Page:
Chapter VIII-A: The supreme audit agency

Explains that this exists to oversee the management of state funds.

Chapter IX: Judicial power

Affirms the independence of the judiciary. Explains the role and position of the Auzitegi Goren as well as the role of the judicial commission.

Chapter IX-A: Geographical extent of the nation

Sets the bounds of the nation and its borders and rights that are protected by law.

Chapter X: Citizens and residents

Defines citizens and residents and states that all citizens are equal before the law. Details the human rights guaranteed to all, including:

  • the right of children to grow up free of violence and discrimination
  • the right of all to legal certainty
  • the right to religious freedom
  • the right to choose education, work and citizenship as well as the right to choose where to live
  • the right of assembly, association and expression of opinion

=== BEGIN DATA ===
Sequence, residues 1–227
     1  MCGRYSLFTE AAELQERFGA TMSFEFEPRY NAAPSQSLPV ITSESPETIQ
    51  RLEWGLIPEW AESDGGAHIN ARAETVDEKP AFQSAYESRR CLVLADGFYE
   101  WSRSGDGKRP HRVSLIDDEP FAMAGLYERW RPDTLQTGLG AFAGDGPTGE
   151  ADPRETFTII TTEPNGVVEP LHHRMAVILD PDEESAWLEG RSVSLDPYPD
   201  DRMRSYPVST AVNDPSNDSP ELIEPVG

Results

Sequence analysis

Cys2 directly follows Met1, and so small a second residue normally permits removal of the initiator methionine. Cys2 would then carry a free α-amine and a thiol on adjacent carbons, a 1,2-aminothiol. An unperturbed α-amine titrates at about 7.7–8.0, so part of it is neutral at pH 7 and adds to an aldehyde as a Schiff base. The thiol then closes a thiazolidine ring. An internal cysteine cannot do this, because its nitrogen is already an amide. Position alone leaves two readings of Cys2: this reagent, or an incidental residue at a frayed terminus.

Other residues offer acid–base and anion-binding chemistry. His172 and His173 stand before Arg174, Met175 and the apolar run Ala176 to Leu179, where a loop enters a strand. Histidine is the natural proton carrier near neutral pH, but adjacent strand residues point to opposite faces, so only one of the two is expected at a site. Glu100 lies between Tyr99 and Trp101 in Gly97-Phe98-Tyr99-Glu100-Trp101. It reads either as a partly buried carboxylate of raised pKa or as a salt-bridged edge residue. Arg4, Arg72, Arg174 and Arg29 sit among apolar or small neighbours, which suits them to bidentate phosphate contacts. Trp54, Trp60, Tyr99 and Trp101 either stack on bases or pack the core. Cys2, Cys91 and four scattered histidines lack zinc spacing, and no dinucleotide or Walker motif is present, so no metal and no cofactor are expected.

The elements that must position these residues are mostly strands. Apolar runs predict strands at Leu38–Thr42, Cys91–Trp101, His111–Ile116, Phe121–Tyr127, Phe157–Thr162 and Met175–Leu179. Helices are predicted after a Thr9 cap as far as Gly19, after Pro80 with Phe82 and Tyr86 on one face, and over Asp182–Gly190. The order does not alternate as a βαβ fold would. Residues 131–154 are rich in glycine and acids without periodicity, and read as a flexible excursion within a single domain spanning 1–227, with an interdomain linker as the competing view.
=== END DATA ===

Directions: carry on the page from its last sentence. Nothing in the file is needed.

• the right to be free from torture

It also states that the rights not to be tortured, to have freedom of thought and conscience, of religion, to not be enslaved, to be recognized as an individual before the law and to not be charged under retroactive legislation cannot be revoked under any circumstances. Furthermore, every person has the right to freedom from discrimination on any grounds whatsoever.

Finally, every person is obliged to respect the rights of others.

Chapter XI: Religion

See also: Religion in Euskadi

The nation is based on belief in God, but the state guarantees religious freedom for all.

Chapter XII: National defence

See also: Euskadiko Indar Armatuak